The nice thing about an electric truck is that extra battery capacity would be easy to build into a trailer that needed it when being towed. Bonus: You're not hauling around that weight when you don't need it.

Comment Re:How is that legal without a warrant? (Score 1) 442

The officer then pulls the driver over and offers them a devil's bargain: get arrested, or pay the original fine with an extra 25% processing fee tacked on,

The driver should just tell the Officer "That information is incorrect, the debt is in dispute. Do you have a warrant for this?"

Those fees/fines, if left unpaid, are almost always accompanied by a warrant. In the past, if you were pulled over for some reason, a warrant for this sort of thing meant you were going to jail (wasted time, money, maybe even lose your job if you miss work), and your car impounded (more $$$).

At least now you have the option to pay up without the ride.

The only real news is the extortionately high "processing fee".

Comment Re:Liability... (Score 1) 293

Self driving cars also still need insurance; just not as much. And a large portion of the insurance burden will fall to manufacturers instead of just on drivers. Insurance companies will not be able to make the same kind of profit overall on large multinational car companies that they can on the public.

I would think most of the large car manufacturers would self-insure. Think about it - this isn't insuring against something massive that only happens very rarely. It will be a constant stream of claims. Thus, if they know there's going to be an average of $X in yearly payouts, it makes more sense for them to pay it themselves, rather than pay an insurance company $X + profit.

Comment Re:Lots of money (Score 1) 117

We so need a corporate death penalty. This isn't quite the case for it to be used but, it should certainly exist. Also, if the corporation is sentenced to death, all of the C-level executives should have an automatic prison sentence that can be enhanced for their crimes.

In theory, I support the idea, but the problem is that in practice, you could end up putting 100,000 people out of a job. They would have absolutely no influence on how the company is run, and may not be in a position to rock the boat anyway, since they have to feed their families, too.

Perhaps it could work something like this: Throw the execs in jail, then confiscate all stock, and re-allocate it evenly among the remaining employees. As the sole remaining shareholders, it would be up to them to find good leadership and put things right if they want to keep their jobs. That could also be a hell of an incentive to blow the whistle.

Comment Re:Probably not terror at all. (Score 2) 60

I'd be willing to bet that all of those fiber cuts were caused by would-be copper thieves who didn't know how to tell the difference between the two. Copper wire theft is happening fairly frequently in the Bay Area, thanks in no small part to growing poverty rates.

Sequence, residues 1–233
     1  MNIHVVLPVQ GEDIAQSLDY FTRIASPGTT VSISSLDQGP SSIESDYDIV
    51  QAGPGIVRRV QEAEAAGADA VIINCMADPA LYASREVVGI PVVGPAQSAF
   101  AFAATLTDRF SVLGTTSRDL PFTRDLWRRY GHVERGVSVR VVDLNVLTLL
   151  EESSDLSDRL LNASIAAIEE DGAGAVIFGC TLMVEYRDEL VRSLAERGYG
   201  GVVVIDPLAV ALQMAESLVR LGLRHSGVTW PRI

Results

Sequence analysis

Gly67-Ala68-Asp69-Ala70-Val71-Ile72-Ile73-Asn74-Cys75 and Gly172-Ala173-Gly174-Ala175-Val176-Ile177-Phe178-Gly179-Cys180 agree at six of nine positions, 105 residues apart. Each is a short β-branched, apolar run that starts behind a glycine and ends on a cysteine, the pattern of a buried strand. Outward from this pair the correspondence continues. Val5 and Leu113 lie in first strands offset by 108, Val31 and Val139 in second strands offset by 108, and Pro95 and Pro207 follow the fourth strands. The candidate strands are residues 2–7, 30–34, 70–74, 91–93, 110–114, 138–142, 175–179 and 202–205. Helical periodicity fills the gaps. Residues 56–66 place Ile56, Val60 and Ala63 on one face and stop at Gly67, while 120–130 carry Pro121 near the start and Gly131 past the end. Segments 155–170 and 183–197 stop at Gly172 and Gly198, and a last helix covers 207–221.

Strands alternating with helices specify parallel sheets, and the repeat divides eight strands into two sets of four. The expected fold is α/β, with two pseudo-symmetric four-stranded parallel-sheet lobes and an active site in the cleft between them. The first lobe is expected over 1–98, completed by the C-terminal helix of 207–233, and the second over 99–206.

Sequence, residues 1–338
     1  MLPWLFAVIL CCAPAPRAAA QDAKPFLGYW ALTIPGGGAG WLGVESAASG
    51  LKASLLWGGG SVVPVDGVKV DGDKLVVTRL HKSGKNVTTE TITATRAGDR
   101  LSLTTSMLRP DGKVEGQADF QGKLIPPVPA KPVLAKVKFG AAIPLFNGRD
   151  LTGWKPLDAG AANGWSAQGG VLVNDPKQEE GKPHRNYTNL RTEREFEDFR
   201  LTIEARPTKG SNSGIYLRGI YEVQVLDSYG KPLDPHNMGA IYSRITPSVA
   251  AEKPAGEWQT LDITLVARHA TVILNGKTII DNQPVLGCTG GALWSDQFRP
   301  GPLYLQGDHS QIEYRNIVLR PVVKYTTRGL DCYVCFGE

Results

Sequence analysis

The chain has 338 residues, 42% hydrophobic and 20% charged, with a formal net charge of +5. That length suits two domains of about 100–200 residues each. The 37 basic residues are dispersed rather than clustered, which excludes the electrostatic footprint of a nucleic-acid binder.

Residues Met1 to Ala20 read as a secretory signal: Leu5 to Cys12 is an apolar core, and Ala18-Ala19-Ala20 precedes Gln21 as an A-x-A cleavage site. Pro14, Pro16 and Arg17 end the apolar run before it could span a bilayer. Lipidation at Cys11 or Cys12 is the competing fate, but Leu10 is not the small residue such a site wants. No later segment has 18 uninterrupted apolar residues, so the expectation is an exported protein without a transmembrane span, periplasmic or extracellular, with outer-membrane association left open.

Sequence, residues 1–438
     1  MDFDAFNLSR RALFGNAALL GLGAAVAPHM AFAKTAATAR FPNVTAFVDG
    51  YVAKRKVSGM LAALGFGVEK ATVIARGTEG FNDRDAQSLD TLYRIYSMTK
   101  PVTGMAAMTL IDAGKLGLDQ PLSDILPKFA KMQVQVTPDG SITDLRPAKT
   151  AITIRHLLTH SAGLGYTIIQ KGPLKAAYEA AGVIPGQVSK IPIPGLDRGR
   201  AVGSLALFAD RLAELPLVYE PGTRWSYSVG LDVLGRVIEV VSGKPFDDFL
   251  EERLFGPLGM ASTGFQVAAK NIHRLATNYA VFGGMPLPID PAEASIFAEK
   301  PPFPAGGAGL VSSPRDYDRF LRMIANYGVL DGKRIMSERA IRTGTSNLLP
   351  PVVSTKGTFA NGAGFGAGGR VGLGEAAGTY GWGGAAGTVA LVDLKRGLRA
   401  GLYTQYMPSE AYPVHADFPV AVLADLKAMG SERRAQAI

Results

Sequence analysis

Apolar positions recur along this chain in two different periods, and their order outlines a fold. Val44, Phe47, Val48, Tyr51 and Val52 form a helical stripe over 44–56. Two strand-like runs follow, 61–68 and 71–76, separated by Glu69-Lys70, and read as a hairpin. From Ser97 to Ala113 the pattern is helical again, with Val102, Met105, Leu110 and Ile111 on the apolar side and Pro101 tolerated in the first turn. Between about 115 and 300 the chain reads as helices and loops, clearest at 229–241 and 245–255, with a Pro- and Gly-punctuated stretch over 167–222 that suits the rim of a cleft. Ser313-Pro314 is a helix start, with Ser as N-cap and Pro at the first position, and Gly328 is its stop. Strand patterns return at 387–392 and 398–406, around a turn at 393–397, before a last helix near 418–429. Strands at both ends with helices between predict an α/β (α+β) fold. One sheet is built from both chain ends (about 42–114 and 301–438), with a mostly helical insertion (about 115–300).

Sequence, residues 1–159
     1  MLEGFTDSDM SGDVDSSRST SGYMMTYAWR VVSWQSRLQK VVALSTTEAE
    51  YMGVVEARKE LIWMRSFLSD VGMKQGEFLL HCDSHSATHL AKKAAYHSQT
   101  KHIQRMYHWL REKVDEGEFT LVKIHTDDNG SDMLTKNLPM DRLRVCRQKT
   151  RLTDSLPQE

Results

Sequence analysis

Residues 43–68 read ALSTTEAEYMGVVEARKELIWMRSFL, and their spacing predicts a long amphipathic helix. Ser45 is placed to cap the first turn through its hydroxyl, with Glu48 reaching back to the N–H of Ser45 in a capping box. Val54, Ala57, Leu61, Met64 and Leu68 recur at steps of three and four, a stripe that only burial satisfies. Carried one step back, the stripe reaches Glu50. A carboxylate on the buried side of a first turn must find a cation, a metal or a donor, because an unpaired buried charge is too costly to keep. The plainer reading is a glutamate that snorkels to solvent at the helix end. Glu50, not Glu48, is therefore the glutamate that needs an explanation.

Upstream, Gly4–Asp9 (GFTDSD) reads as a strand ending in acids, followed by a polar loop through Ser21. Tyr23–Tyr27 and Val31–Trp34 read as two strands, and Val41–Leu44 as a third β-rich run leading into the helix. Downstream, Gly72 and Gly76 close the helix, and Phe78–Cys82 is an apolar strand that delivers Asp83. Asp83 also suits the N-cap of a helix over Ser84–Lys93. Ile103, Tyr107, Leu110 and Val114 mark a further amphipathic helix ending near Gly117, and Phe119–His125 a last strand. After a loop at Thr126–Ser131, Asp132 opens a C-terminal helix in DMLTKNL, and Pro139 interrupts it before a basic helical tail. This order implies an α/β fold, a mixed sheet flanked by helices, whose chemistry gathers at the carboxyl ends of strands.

Our company has circuits all over the place, and by far, the most common notes from the carriers regarding cable cuts is "cable damaged by construction activity nearby. dispatching splice team." IOW, some dumbass with a backhoe.

Comment Re:Great Parents!! (Score 1) 307

" In this case, one twin decided to smoke marijuana, while the other did not."

That means that there is a clear bias. The teen who is smart enough to figure out that they have been sold a load of hyperbole and smoke a bowl is clearly smarter than the one who, proudly no doubt, abstains from consumption.

Or, the teen who is smart enough to realize that dabbling in an illegal drug has consequences that can totally fsck up their life, regardless of the drug's toxicity level or health effects, chose to abstain, while the one not smart enough to figure that out didn't.

Comment Re:Let's see... (Score 2) 186

How many workers does it take to do this?

As many as it takes to discourage requests from the citizens.

Well, what if that 190 hours is actually ~800 specific 15-minute segments? Suddenly it's less than $50 each. Still seems a bit high, but I can imagine requests like "the footage of X event," where they have to go figure out whose camera, exactly what time, etc. for each segment.

Just "all the footage for this day from these 8 officers"... yeah $36k is crazy.

Comment Re:What else is searched for (Score 1) 284

Once the government has the ability to scan files belonging to hundreds of millions of users for a specific document, it might be easy to broaden that. Searches for similar documents. Searches for a standard set of illegal materials - say known child porn images. Searches for copyrighted materials like movies and audio.

Specifically searching for a specific document with a known like to terrorism doesn't bother me, but the extensions do. I absolutely do not want to give the government the right to search for anything illegal - and I don't see a clear way to enforce the distinction.

The innocent have nothing to fear, but there are few absolutely innocent people

Use of public/private key crypto could make it possible for the authorities to do this kind of search without being able to see the contents of files, or look for "similar" stuff.

If the files stored are encrypted with your public key, only you can see the actual contents; however, the authorities can take a specific file, encrypt it to your public key, and THEN see if any of the files in your account match. They can't go on a fishing expedition to see if something "suspicious" is there.

Unfortunately, a single bit difference in the file would render this technique useless...